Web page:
Blueger Blossoming into Important Piece for Pens

Teddy Blueger (penguins.com)


Remember to follow us on Twitter and Like us on Facebook for continued Pittsburgh Sports coverage: 

Dating back to the Pittsburgh Penguin Stanley Cup runs, Teddy Blueger’s name is one that had popped up often as a player Penguins’ brass saw as a future contributor. They liked the little bit of offense he brought but praised his defensive game effusively.

Fast forward to Sunday night's 3-2 victory over the New Jersey Devils where Blueger scored the opening goal and he’s further proving why he’s long been seen as a potential quality NHL player.

Blueger opened the scoring Sunday with a beautiful short-handed breakaway goal where he made a nifty move and tucked the puck under Devils’ goaltender Jon Gillies’ pads for a sweet five-hole tally. The goal was another in a long line of what is now seven on the year for the 27-year old Latvian. Blueger also recorded a career-high seven shots on goal in the game. The rest of the Penguins' forwards combined for nine.

The added offense that Blueger has shown since his arrival in the NHL has only made him that much more valuable.  It was always apparent that he’d be one of the Pens’ top penalty killing forwards and would be a stalwart in the face-off circle whether the Pens needed an offensive or defensive zone draw. Those things were a huge part of his game dating back to his time in Wilkes-Barre/Scranton.

After a 22-point effort in 43 games last season, Blueger now has 11 points in 29 games. The pace isn’t quite the same offensively but his line this season has still produced quite a bit more scoring than they they are typically expected.

Blueger centers a line with wingers Zach Aston-Reese and Brock McGinn. That line has essentially becoming one of the better would-be fourth lines in the league. I say that because, assuming the Penguins get fully healthy at some point this season, those three will make up the fourth line.

Blueger and Aston-Reese showed some chemistry together last season on a line with Brandon Tanev. Of course, with Tanev off to Seattle, the Penguins needed to find a suitable replacement, which they have in McGinn. While Tanev’s tenacity and 110% effort on every play is hard to replace, McGinn has done a more than adequate job and even shown a bit more offensive upside than Tanev thus far.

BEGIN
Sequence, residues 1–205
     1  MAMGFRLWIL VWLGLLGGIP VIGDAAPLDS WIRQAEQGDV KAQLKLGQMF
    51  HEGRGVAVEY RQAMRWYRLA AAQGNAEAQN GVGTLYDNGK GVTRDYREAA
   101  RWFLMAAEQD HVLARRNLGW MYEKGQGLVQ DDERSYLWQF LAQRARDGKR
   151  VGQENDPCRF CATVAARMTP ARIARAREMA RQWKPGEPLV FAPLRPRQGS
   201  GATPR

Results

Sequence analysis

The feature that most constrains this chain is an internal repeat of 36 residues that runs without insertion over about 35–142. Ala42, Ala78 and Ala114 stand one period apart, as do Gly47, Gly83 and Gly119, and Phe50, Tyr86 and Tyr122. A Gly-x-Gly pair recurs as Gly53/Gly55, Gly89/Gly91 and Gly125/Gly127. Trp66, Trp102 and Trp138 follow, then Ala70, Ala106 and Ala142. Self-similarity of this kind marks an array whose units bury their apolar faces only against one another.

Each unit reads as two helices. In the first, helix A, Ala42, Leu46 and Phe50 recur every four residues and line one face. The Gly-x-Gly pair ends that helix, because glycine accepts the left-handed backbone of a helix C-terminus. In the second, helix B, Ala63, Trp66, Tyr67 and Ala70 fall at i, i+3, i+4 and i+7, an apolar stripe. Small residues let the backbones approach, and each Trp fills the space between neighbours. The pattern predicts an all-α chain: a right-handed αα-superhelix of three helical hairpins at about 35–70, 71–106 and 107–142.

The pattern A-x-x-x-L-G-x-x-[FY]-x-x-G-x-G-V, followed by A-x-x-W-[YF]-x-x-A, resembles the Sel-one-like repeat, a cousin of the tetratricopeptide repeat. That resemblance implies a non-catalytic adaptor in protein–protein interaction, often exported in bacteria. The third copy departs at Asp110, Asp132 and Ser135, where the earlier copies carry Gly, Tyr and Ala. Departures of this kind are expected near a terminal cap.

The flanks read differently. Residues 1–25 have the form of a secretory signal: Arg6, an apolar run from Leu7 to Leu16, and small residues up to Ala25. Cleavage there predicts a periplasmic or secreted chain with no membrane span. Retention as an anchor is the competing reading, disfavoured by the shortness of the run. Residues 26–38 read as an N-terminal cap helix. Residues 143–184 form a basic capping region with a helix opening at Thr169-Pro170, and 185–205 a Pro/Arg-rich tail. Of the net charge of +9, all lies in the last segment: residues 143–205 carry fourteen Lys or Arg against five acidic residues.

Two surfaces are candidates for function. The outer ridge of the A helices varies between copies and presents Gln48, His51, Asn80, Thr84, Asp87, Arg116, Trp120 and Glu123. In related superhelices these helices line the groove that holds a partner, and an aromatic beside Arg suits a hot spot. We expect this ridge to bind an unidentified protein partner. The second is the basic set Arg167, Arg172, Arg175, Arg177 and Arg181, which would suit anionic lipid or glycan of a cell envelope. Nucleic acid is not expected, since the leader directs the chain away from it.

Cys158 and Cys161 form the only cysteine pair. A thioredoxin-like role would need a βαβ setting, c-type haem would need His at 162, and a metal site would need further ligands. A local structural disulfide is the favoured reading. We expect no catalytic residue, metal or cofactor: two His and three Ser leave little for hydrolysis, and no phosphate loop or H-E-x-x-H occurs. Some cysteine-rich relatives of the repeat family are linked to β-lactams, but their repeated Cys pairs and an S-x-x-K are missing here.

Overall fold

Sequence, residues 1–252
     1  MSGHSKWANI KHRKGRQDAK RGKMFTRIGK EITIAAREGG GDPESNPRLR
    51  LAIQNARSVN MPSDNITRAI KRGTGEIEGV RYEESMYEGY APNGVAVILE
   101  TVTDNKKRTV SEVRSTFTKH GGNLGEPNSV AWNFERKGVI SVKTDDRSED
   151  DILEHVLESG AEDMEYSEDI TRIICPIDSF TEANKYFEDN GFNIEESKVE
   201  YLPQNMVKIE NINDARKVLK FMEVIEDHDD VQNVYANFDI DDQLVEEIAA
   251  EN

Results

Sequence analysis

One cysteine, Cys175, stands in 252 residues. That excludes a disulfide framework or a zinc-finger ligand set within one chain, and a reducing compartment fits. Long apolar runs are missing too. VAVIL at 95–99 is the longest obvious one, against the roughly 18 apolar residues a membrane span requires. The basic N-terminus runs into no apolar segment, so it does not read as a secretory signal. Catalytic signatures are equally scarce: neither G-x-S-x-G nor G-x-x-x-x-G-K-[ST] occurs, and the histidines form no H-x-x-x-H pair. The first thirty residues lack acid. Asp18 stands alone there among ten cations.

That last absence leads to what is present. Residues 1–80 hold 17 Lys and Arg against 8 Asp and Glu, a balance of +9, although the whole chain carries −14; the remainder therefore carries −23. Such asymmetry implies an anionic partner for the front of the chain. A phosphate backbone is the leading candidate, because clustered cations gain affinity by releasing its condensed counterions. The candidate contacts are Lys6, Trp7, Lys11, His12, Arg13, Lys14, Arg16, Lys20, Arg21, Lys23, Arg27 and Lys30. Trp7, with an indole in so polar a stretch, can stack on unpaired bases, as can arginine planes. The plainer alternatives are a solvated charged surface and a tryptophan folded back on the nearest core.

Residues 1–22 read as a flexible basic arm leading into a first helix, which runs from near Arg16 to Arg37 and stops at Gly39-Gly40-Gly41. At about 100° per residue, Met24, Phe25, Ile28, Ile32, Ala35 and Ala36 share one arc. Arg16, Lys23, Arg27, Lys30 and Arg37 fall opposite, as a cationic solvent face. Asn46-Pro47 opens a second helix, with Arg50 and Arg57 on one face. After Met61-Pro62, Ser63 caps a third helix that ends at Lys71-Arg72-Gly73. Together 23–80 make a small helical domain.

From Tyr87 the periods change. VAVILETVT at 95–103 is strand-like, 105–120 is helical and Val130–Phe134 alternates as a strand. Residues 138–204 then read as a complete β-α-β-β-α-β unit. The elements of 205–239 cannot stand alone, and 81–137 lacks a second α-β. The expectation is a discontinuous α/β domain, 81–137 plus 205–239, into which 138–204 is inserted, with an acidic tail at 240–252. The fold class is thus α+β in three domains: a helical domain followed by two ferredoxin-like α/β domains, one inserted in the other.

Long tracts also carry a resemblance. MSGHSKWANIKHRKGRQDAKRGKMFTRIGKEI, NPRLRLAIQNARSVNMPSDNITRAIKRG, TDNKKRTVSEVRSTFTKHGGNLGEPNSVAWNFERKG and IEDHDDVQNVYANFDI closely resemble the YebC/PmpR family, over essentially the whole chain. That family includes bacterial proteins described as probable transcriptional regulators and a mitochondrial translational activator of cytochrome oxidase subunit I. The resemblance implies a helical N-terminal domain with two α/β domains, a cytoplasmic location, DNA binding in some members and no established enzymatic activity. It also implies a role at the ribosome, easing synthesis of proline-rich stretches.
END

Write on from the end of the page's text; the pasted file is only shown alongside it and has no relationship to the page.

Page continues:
Those three have meshed to form a perfectly formidable fourth line. In their time serving as a third line, however, the Penguins have won seven straight games and reside just four points out of first place in the entire league.

Not too bad.

Centering that Third Line

General Manager Ron Hextall was able to sign Blueger to a two-year, $2 million AAV contract extension over the offseason so he’ll be here through the end of next season.  Blueger has shown signs of being a very capable third-line center, a position the Penguins have proven time and time again that they covet so greatly. Keeping a formidable presence behind Sidney Crosby and Evgeni Malkin is what has made the Penguins so deep for such a long time down the middle.

Nick Bonino’s departure following the 2016-17’ season left a hole on the third line. The Pens have tried to fill it with names like Greg McKegg and Derick Brassard to no avail.  Blueger held it down for most of last season before Hextall swung a deal to acquire Jeff Carter.  

Since then, Carter has kept third line center duties to complete last season. The move was more about the veteran presence and the talent Carter still possesses at his age than it was about Blueger being incapable of handling the spot.  

However, you can never have enough depth at any position, especially if you’re the Pittsburgh Penguins who constantly have injury issues.  Carter has taken over as center of the second line until injured Evgeni Malkin returns.  When Malkin does return, he’ll slide back in as the second line center, bumping everyone down a peg. Carter, who’s been more than adequate with expanded ice time, will get a more suitable role for his age on the third line, and hopefully thrive even more.  Blueger will fall to the fourth line in this case.

Carter, the former second-round pick from 2012, is another guy that worked hard through the minors to earn his spot in the lineup today in the same way that guys like Bryan Rust, Conor Sheary, Tom Kuhnhackl, and Matt Murray did back in the Cup runs.

While, Blueger does only have one goal in eleven career playoff games, he’s never really been put in a position to score in the postseason. The playoffs are about defense and goaltending, and Blueger is among the best on the team when away from the puck.  His defensive skill is more valuable in the playoffs than his offensive.  That’s what he gets paid for.

With Carter’s status for next season up in the air, it’s good to know Blueger has shown he is more than capable of bumping up to full-time third line status next season if the situation calls for it.  He’s one hell of a player and a guy that undoubtedly is a wild card for the Pittsburgh Penguins.

Comments